SQLite Forum

Unique every N seconds. How?

Unique every N seconds. How?

(1) By anonymous on 2020-09-09 20:33:30 [link]

I want to define a table where identical entries (a combination of columns) within so many seconds apart are considered the same.

If, for example, I try:

`unique (col1,col2,dt between dt and datetime(dt,'+10 seconds'))`

(where `dt` is a date/time field)

I get an error: `expressions prohibited in PRIMARY KEY and UNIQUE constraints`

Fine. Is there some other way to achieve this?

(2) By Richard Damon (RichardDamon) on 2020-09-09 20:42:39 in reply to 1 [link]

You could make a 'time' column that is only accurate to N seconds, so you could make a unique constraint base on it.

You might also be able to set up a trigger to detect the condition and reject it

(3) By Keith Medcalf (kmedcalf) on 2020-09-09 21:10:47 in reply to 1 [link]

You cannot use expressions in the unique constraint inside a table definition,  You may, however, use that expression in a CREATE UNIQUE INDEX staeement (the unique constraint in a table definition is merely syntactic sugar for a create unique index statement but it is restricted to pure column names and not expressions).

That said, this will not be "unique every N seconds".

You *might* achieve that by creating the following unique index:

qlite> create table t (col1, col2, dt);
sqlite> create unique index ut on t (col1,col2,strftime('%s',dt)/10);

(4) By David Raymond (dvdraymond) on 2020-09-10 12:54:55 in reply to 3 [link]

I believe that would only slice things into predetermined 10 second windows. So if one entry was in the last second of its window, and the next entry was in the first second of the next window then it would let them in despite their being 1 or 2 seconds apart.

I can't think of any way of doing this without having a trigger check it.

(5) By Ryan Smith (cuz) on 2020-09-10 13:34:43 in reply to 4

> I believe that would only slice things into predetermined 10 second windows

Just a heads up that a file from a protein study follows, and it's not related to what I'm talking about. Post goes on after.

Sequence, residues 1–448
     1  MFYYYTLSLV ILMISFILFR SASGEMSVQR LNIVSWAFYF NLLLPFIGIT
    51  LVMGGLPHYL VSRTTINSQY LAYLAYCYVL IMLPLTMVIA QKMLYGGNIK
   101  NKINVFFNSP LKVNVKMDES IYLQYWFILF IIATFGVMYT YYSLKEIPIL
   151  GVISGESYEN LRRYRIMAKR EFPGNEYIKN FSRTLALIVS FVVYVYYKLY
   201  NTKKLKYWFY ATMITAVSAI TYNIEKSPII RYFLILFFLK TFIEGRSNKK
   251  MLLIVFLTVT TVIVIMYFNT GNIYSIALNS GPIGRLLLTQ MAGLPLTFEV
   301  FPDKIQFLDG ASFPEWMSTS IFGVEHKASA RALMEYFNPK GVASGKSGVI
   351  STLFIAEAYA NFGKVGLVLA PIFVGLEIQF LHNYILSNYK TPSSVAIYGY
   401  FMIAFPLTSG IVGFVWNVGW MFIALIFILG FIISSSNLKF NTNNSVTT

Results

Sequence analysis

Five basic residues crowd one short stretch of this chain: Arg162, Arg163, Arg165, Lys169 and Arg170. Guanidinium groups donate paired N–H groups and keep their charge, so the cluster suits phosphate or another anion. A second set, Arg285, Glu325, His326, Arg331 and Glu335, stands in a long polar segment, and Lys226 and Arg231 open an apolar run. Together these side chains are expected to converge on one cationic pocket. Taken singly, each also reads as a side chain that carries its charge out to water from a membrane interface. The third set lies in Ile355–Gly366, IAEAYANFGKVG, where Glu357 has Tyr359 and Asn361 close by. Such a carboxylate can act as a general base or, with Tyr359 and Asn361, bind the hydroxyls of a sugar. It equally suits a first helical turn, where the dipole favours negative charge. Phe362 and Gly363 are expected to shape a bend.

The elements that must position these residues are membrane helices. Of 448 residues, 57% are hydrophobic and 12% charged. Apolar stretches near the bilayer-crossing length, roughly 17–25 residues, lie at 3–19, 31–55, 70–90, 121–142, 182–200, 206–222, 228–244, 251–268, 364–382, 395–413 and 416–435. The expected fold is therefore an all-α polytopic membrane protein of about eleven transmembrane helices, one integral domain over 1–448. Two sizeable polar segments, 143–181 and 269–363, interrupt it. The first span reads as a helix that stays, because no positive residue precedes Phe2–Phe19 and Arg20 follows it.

I have to believe the OP meant this 10-second windowing precisely, well-aware of the fact that two consecutive writes might be milliseconds apart while falling in different 10-second-window-slices.

Boundary-less groupings is not just hard to do in SQLite - It's physically  impossible to do in this Universe within our current understanding of physics.


It is weird to be sure - It's such a normal human thing to imagine simply making little groups of everything that's really close together, be it in terms of colour, time, length, (any metric really). It's almost hard to intuitively know that this is impossible, and almost everyone who tried it in the past, we got burned. (Just take Biological species classification as an example, it's a lot more Rainbow and a lot less Lego than first imagined).

Worse still, it is possible to define boundaries such that the groupings explicitly represents the "worst possible togetherness". Imagine for a moment a consistent timed event that fire exactly at 0.005 milliseconds of every second, and again at 0.995 of every second. If you group by "second" in which it occurs, you will have groupings where every event group has two entries that are 0.99 seconds apart, while in fact if you group every last-event in a second with the first-event in the next second, you will have much better groupings only 0.01 seconds apart. If your events/incidence were consistent in this way, you can preemptively design a "good grouping boundary", but most actual metrics will have a more random dispersion and any assumed group-boundary will probably be worse than good.

There's some fun math to figure out best clumping boundaries on a set, but it's almost always irregular, and always dependent on the specific set and won't be useful in determining a standard for x unknown future sets.


(6) By anonymous on 2020-09-10 15:11:07 in reply to 5 [link]

Actually, I (OP) meant that a new entry should not be accepted unless it is at least 10 (N) seconds later than the previous one.  Not exactly N, at least N.
So, it could be 10 hours later but not less than N seconds.

I quickly realized it is impossible to do this with a simple `UNIQUE` constraint.

It would require `SELECT`ing the max dt for the given `COL1` and `COL2` combination, adding N seconds and comparing current dt value to be higher than that.

If triggers can do arbitrary `SELECT`s outside of the current row, maybe something like this would work.  I haven't tried yet but it is syntactically accepted by SQLite3.

                                   WHERE a.col1 = new.col1
                                     AND a.col2 = new.col2),
                                '+10 seconds'),
             RAISE(ABORT,'Log too soon'));

(7) By David Raymond (dvdraymond) on 2020-09-10 15:30:08 in reply to 6 [link]

Try something like this
WHEN exists(
   WHERE col1 = new.col1
   AND col2 = new.col2
   AND dt >= datetime(new.dt, '-10 seconds')
raise(abort, 'Log too soon');

An index on col1, col2, dt should work with that just fine... I think.

(8) By anonymous on 2020-09-10 17:49:38 in reply to 7 [link]

It should be `SELECT RAISE(...`
and it seems to work.

`WHEN EXISTS` is more efficient than my way, I suppose.
Still, I don't see why mine fails to work.

Anyway, problem solved! Thanks.